Continue Reading

Are your kids participating in the Billion Mile Race?

Active kids simply do betterbetter in the classroom, better attendance, better health and fitness. Karen Finnegan, a fifth-grade teacher whose school in West Roxbury, MA, is participating in the Billion Mile Race, noted, “The children have more energy, and they’re more focused on their school work.”

Only one in three children is physically active each day. School-based walking and running programs are a winning approach to building more physical activity into kids’ daily lives and forming the essential healthy habits that will help to reverse the childhood obesity epidemic. The Billion Mile Race challenges 5-12 year olds to collectively reach one billion miles by participating in school-based walking and running clubs. More than 1,200 schools have already signed on to the multi-year effort and students have already logged more than 5 million miles, the equivalent of 21 trips to the moon.

Every school in the country can sign up for the Race at no charge, accessing support materials and tracking their progress through the online portal. If you want more information on how to join the movement, visit the Billion Mile Race website The website provides all you need to start a walking and running club, set goals, log miles, track progress, and participate in this national movement. As a parent, you can support this movement and make a big difference in the wellbeing of the kids in your community. It’s the right thing to do!

Give yourself the gift of education: Upcoming Sports Nutrition Workshops

Want to boost your sports nutrition knowledge so you can confidently choose an effective sports diet?

Here’s your chance to update your sports nutrition and exercise physiology knowledge while enjoying an information-packed 1.5 days with two internationally respected professionals:

  • Sports nutritionist Nancy Clark MS, RD, CSSD
  • Exercise physiologist John Ivy PhD

Continue Reading

What should I eat before I exercise?

What should I eat before I exercise? is the most common question athletes ask me, a sports nutritionist. The answer varies, depending on:

–how hard you will be exercising. Before intense the exercise, you’ll want just a small lowfat snack that digests quickly, such as a half a bagel—as opposed to a whole bagel with peanut butter.

–how well your intestinal tract tolerates food. Some people have cast-iron stomachs and can eat anything pre-exercise, without fear of intestinal distress. Others need to wait a few hours.

–how long you will be exercising. If you plan to exercise for more than 60 to 90 minutes, eating a pre-exercise meal or snack will enhance your stamina and endurance. Pre-exercise food is less important before a 30-minute exercise session (assuming you are not hungry.)

Because each person has a unique response to pre-exercise food, you will want to experiment with a variety of options. Carbohydrate-based foods (such as bread, watermelon, boiled potato) digest easily and are generally the best options. Some popular choices include:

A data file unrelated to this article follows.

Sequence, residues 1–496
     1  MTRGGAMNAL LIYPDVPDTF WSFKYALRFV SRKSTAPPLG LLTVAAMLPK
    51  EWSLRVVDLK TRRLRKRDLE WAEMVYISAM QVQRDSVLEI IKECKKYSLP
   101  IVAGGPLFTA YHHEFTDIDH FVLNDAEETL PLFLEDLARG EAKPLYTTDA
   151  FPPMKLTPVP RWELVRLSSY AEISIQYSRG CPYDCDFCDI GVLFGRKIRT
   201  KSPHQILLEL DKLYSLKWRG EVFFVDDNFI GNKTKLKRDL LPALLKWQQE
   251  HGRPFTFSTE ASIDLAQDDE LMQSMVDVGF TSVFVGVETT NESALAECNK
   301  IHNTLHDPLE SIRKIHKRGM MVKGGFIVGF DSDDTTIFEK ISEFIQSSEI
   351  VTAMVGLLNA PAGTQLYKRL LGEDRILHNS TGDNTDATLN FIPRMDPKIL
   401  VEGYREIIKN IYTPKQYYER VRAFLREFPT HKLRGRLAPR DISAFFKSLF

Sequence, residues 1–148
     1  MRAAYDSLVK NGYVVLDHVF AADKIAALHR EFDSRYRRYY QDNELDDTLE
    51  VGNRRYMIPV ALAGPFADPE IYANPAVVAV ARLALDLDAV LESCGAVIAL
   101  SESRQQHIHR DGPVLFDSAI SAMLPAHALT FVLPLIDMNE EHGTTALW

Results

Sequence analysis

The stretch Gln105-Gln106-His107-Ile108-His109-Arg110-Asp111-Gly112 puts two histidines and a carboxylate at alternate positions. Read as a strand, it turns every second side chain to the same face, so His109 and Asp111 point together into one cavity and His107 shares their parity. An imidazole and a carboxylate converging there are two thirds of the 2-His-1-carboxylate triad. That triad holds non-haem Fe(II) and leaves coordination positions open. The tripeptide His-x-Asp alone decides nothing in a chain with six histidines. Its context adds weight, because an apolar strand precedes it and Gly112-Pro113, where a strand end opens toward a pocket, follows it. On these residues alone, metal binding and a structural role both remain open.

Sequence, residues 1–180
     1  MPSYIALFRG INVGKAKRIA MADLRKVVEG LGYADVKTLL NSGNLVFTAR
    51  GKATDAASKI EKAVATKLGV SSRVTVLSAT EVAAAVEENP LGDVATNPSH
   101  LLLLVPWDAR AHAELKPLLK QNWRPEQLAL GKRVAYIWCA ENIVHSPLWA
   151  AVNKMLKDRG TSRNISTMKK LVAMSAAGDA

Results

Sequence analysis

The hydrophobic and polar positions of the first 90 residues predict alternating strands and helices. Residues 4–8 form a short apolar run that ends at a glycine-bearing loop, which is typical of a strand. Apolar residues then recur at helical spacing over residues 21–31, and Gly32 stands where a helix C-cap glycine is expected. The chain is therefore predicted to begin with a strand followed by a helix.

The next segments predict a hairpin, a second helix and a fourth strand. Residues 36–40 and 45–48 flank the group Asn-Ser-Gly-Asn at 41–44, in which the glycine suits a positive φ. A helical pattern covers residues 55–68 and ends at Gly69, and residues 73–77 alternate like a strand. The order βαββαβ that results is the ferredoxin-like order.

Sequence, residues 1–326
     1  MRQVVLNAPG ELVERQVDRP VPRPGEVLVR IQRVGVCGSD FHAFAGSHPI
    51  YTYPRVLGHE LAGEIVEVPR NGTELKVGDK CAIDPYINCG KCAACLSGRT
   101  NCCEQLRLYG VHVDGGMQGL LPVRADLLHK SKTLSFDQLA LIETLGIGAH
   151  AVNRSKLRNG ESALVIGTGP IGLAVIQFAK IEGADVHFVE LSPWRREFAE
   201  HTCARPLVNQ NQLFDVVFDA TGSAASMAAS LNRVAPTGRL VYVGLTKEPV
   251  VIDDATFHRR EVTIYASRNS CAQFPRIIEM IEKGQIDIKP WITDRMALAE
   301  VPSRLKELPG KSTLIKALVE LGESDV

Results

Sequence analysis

• Toast (or a bagel) with jam or peanut butter
  • Banana
  • Cereal with lowfat milk
  • Oatmeal with raisins
  • Granola bar
  • Fruit smoothie (made with 1 large banana, ½ cup berries, ½ cup low-fat milk or yogurt) and ice cubes.
  • Pita with hummus

Most active people easily tolerate 200 to 300 pre-exercise calories before a 60-90 minute workout; the fuel helps keep blood sugar from dropping and abates the appetite. No need to exercise hungry! If you want to get mathematical, target about 2 calories of carbohydrates per pound of body weight (0.5 g carbs per lb). That means, if you weigh 150 pounds, you want approximately 300 calories (more or less) in carbohydrates.

Adding a little fat or protein to the snack can help with satiety and flavor, but the carbohydrates are the most important factor here. Also, too much protein or fat can sit in the stomach, and contribute to discomfort. While a few nuts in a handful of trail mix can be fine, the dried fruit is the better energizer.

Some people with digestive concerns allow three to four hours between fueling and exercising; others can eat and exercise five minutes later. You may want to allow 2 to 3 hours after a moderate-sized pre-exercise meal to allow enough time for digestion and absorption. You can likely tolerate a smaller (200 to 300 calorie) snack within an hour pre-exercise. If you don’t have any trouble exercising with food in your stomach, you can shorten this window to five minutes! And as long as you are exercising at a pace that you can maintain for more than half an hour, your body can digest the food and use it to fuel your workout.

If pre-exercise food “talks back to you,” start with small amounts of food (a cracker or a piece of banana), so you can train your GI tract to accept some fuel. Even a little food can improve energy and performance. Some people choose a sports drink because it feels less heavy in the stomach.  The overall goal, however, for exercise longer than 60 to 90 minutes, is to train your body to be able to tolerate a pre-exercise snack or meal. You cannot run a marathon on air!

For more information: Nancy Clark’s Sports Nutrition Guidebook 

Sandcastle Contest Winner: Honoring USA Women’s Soccer

Sandcastle Contest Winner: Honoring USA Women’s Soccer

In honor of Team USA, my “team” of family and friends built this award winning sandcastle at the Sand Castle Contest last weekend.

Girls Rock! Congrats Team USA

Girls Rock!
Congrats Team USA

The soccer ball is made with two colors of sand … the black sand was pretty stinky, but a fun time was had by all.

Team USA worked hard and deserve all the congratulations they are getting. Inspirational!


If you want nutrition information that will help get your team into the winners’ circle, take a look at Food Guide for Soccer: Tips and Recipes from the Pros!